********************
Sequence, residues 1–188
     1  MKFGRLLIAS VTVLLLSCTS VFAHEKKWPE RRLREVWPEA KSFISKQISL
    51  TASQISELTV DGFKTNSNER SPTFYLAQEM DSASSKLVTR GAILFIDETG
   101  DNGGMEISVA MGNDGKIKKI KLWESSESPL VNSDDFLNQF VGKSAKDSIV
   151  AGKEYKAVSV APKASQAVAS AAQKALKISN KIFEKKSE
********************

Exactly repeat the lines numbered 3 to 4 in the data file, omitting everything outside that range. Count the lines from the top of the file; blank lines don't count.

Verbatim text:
    51  TASQISELTV DGFKTNSNER SPTFYLAQEM DSASSKLVTR GAILFIDETG
   101  DNGGMEISVA MGNDGKIKKI KLWESSESPL VNSDDFLNQF VGKSAKDSIV